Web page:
Interestingly, there are more segments for my father's German and French, Scandinavia and Southern Europe in the "Speculative Estimate."


4)  My mother has a segment for East Asian and Native American DNA on Chromosome 12.  I don't know for sure where that comes from.  My speculation is that this may be from the wife of Abraham James Kemp, who is identified in a Bible record transcript as Sarah Sephrona Fletcher, of French-Canadian heritage.  There may be (or may not be!) a Native American ancestor in her ancestry.  I probably have other candidates who might have had a Native American ancestor, since quite a few of my ancestors lived on the English/Native frontier in the mid-1700s.  This is about 1/167th of my DNA, so it probably occurs in the 7th or 8th generation back).  


5)  My mother has a long segment of French and German DNA on Chromosome 2, and shorter segments on Chromosomes 7 and 12.  I am surprised that there is so little identified here because of her known 15 of 32 ancestors from German ancestor.  There are many more segments identifying as French and German in the "Speculative Estimate" chart.


Here is the "Speculative Estimate" chart (you change this in the upper right corner of this web page, next to your name):



My "Speculative Estimate" breakdown for the reference populations are:

*  99.4% European

** 43.0% British and Irish
** 25.2% French and German
** 2.7% Scandinavian
** 0.0% Finnish
** 26.1% Nonspecific Northern European
**  0.4% Iberian
** 0.0% Sardinian
** 0.0% Italian
** 0.0%  Balkan
** 1.2% Nonspecific Southern European
** < 0.1% Ashkenazi
** 0.0% Eastern European
0.7% Nonspecific European

*  0.6% East Asian and Native European

** 0.6% Native American
** 0.0% East Asian
** 0.0% Nonspecific East Asian & Native America

I hope that I can have CeCe Moore analyze my autosomal DNA results at the upcoming Chula Vista Genealogical Society seminar on 30 March 2013.

The URL for this post is:  http://www.geneamusings.com/2013/03/my-23andme-test-results-post-2.html

Copyright (c) 2013, Randall J. Seaver

5 comments:

Brian said...

I wasn't aware that the Chromosome lines were broken down between mother and father on that chart. I thought at least one parent's test was required for that.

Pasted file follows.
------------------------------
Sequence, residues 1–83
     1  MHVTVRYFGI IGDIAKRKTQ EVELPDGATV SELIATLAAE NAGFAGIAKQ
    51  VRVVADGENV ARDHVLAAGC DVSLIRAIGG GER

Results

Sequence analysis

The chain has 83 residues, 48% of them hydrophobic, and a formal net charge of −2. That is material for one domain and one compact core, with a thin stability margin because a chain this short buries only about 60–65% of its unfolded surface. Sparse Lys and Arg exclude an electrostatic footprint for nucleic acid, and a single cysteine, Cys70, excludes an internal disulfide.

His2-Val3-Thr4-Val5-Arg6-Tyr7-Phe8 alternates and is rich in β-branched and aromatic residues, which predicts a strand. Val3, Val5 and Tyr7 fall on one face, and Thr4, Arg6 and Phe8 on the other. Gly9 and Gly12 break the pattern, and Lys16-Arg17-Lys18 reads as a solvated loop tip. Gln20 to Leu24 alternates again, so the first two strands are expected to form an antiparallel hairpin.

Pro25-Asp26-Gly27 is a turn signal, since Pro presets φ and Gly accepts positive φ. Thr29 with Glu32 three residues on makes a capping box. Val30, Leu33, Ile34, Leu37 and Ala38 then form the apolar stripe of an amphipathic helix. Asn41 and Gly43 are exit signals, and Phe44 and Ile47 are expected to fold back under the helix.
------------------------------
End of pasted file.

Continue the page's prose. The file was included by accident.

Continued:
Where did you see that info? That would definitely help me narrow a few things down.

Brian said...

For example, I saw this is one of their FAQs on the Composition: "Genotyping chips like the one 23andMe uses don't capture the information about which markers came from which parent."

Charles said...

I had my mother and maternal grandmother tested at 23andme. Based on comparing my DNA in chromosme view against my mother, the segments that appear to match (I have distinctly mixed ancestry) with her are on the top. For my mom and grandma, their matches seem to be on the bottom row of my mother's view.

My wife and father-in-law have tested as well. Her matching segments with him appear to always be on the top row for her.

We will have my father, paternal grandmother, mother-in-law, and a few aunts/uncles/cousins tested soon as well but I get the feeling the trend will be the same: for men, maternal DNA is in the top row and for women on the bottom.

Penelope said...

I have just had a very unpleasant two person flame war with a woman that seems to think that one 23 and me test taken by her and one by a half sib (different father) gives her enough information to "look at chromosomes" from her mother's side and her father's side. Her father is unknown and obviously, untested. I understand that she is rather desperate to identify her father, but I don't see that there is enough genetic "material" here to go "off" on me and my poor little aged genetics degree. I have tried to keep up, but did I miss something? I was trying to help.

Charles said...

After receiving results back for my father and his mother, i can comfirm the trend from my previous post holds true.

If a parent is tested and that test is linked appropriately on your tree, the composition results will be phased and the chromosome breakdown should be more representative of the DNA you inherited by parent. There are some instances on my parents chomosome view in which particular segments do not map to their mother's according to the trend I mentioned.

After the composistion results were phased, there were some segments that were moved from top to bottom and vice versa on several chromosomes.